The Gulag Archepelago
Looking back, I saw that for my whole conscious life I had not understood either myself or my strivings. What had seemed for so long to be beneficial now turned out in actuality to be fatal, and I had been striving to go in the opposite direction to that which was truly necessary to me. But just as the waves of the sea knock the inexperienced swimmer off his feet and keep tossing him back onto the shore, so also was I painfully tossed back on dry land by the blows of misfortune. And it was only because of this that I was able to travel the path which I had always really wanted to travel.
It was granted me to carry away from my prison years on my bent back, which nearly broke beneath its load, this essential experience: how a human being becomes evil and how good. In the intoxication of youthful successes I had felt myself to be infallible, and I was therefore cruel. In the surfeit of power I was a murderer, and an oppressor. In my most evil moments I was convinced that I was doing good, and I was well supplied with systematic arguments. And it was only when I lay there on rotting prison straw that I sensed within myself the first stirrings of good. Gradually it was disclosed to me that the line separating good and evil passes not through states, nor between classes, nor between political parties either — but right through every human heart — and through all human hearts. This line shifts. Inside us, it oscillates with the years. And even within hearts overwhelmed by evil, one small bridgehead of good is retained. And even in the best of all hearts, there remains… an unuprooted small corner of evil.
Since then I have come to understand the truth of all the religions of the world: They struggle with the evil inside a human being (inside every human being). It is impossible to expel evil from the world in its entirety, but it is possible to constrict it within each person.
And since that time I have come to understand the falsehood of all the revolutions in history: They destroy only those carriers of evil contemporary with them (and also fail, out of haste, to discriminate the carriers of good as well). And they then take to themselves as their heritage the actual evil itself, magnified still more.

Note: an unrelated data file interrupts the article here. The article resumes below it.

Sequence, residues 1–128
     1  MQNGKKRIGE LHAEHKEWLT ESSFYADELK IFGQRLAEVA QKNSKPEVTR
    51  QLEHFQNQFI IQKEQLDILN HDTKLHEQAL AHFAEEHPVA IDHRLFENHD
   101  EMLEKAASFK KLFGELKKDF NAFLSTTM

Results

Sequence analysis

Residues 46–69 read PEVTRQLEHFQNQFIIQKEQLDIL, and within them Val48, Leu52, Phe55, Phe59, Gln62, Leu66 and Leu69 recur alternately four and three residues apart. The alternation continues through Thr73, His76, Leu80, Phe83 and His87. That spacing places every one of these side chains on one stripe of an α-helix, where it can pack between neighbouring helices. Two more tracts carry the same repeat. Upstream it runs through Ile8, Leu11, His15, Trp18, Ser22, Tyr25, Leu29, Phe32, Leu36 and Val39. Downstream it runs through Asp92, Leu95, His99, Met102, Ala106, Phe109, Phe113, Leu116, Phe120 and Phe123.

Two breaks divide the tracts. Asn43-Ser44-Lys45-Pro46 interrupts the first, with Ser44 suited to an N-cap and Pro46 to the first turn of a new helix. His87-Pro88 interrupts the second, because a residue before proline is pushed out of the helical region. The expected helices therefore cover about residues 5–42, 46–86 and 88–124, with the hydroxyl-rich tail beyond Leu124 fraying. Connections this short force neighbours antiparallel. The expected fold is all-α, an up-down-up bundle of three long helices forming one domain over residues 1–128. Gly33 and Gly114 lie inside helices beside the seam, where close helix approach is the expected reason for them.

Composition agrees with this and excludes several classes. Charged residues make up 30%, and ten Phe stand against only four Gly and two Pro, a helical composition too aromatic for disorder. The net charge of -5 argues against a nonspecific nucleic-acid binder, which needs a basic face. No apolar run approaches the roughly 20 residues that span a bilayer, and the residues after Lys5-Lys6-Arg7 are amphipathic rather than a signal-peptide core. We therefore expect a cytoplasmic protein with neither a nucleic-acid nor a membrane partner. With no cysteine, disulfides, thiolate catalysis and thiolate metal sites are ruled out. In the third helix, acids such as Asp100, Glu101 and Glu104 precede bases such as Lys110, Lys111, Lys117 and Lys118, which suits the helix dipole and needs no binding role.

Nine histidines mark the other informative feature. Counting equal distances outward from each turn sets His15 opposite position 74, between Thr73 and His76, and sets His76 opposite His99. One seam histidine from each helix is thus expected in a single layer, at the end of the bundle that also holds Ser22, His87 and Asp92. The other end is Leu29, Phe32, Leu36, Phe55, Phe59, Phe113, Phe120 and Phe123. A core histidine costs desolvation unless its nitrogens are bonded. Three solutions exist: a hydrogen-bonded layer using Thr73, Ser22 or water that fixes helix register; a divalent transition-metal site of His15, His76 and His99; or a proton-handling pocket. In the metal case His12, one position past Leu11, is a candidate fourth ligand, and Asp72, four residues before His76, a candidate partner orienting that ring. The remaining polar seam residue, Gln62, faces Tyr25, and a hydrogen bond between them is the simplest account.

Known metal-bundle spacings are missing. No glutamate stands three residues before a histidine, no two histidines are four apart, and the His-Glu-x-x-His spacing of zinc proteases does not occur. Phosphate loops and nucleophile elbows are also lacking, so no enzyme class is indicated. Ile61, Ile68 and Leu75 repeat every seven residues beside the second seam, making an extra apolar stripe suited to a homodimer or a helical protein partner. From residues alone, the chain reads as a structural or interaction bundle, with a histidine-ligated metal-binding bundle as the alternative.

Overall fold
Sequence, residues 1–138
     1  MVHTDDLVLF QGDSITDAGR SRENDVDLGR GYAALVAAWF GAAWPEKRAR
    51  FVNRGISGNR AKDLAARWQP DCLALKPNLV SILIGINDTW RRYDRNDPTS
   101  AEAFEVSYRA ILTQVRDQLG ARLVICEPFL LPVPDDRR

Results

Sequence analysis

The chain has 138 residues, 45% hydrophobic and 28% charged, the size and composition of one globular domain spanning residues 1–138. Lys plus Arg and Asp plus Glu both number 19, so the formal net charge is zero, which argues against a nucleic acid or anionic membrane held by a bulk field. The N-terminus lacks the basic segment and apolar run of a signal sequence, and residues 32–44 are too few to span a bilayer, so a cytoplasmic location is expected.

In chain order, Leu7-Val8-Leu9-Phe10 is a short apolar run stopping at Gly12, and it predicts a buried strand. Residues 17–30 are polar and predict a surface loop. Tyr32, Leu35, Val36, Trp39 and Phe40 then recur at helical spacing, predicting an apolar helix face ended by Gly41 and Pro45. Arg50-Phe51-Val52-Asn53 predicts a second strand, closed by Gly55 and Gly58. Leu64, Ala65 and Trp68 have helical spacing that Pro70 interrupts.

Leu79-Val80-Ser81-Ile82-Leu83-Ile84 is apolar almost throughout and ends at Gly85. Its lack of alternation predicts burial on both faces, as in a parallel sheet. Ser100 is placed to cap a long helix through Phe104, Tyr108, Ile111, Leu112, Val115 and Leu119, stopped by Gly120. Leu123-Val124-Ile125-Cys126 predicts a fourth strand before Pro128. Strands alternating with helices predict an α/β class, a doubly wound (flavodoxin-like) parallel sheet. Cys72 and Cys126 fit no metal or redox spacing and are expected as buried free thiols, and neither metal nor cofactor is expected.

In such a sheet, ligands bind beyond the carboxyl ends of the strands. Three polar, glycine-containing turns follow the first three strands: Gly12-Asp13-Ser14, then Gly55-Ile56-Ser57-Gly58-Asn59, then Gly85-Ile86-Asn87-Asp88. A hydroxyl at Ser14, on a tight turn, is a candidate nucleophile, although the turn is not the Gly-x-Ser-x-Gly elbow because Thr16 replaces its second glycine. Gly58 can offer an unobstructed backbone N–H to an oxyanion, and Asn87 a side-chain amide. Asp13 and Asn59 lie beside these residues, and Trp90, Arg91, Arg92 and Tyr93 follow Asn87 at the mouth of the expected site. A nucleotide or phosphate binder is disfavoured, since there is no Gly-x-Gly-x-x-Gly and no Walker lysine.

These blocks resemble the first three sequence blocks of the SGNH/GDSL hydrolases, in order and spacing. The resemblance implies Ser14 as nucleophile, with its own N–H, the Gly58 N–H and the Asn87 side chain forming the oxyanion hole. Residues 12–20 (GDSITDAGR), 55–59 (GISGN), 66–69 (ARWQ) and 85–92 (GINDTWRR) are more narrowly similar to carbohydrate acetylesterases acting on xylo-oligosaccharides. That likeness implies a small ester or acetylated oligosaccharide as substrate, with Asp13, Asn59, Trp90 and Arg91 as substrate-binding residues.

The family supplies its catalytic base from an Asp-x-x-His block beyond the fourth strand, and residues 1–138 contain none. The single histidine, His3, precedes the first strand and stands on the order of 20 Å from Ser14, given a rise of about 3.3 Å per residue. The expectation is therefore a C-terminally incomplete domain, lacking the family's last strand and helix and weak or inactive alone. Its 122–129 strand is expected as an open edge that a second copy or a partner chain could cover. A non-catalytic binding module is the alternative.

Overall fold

Freedom to Breathe
A shower fell in the night and now dark clouds drift across the sky, occasionally sprinkling a fine film of rain.
I stand under an apple tree in blossom and I breathe. Not only the apple tree but the grass round it glistens with moisture; words cannot describe the sweet fragrance that pervades the air. I inhale as deeply as I can, and the aroma invades my whole being; I breathe with my eyes open, I breathe with my eyes closed-I cannot say which gives me the greater pleasure.
This, I believe, is the single most precious freedom that prison takes away from us: the freedom to breathe freely, as I now can. No food on earth, no wine, not even a woman's kiss is sweeter to me than this air steeped in the fragrance of flowers, of moisture and freshness.
No matter that this is only a tiny garden, hemmed in by five-story houses like cages in a zoo. I cease to hear the motorcycles backfiring, radios whining, the burble of loudspeakers. As long as there is fresh air to breathe under an apple tree after a shower, we may survive a little longer.
It is not our level of prosperity that makes for happiness but the kinship of heart to heart and the way we look at the world. Both attitudes lie within our power, so that a man is happy so long as he chooses to be happy, and no one can stop him.
One Day in the Life of Ivan Denisovic
At five o'clock that morning reveille was sounded, as usual, by the blows of a hammer on a length of rail hanging up near the staff quarters. The intermittent
sounds barely penetrated the windowpanes on which the frost lay two fingers thick, and they ended almost as soon as they'd begun. It was cold outside, and the camp-guard was reluctant to go on beating out the reveille for long.
The clanging ceased, but everything outside still looked like the middle of the night when Ivan Denisovich Shukhov got up to go to the bucket. It was pitch dark except for the yellow light cast on the window by three lamps - two in the outer zone, one
inside the camp itself. And no one came to unbolt the barracks door; there was no sound of the barrack orderlies pushing a pole.Into place to lift the barrel of excrement and carry it out.
"Here, men, we live by the law of the taiga. But even here people manage to live. The ones that don't make it are those who lick other men's leftovers, those who count on the doctors to pull them through, and those who squeal on their buddies."
As for the preachers, he was wrong there. Those people were sure to get through camp all right. Only, they were saving their own skin at the expense of other people's blood.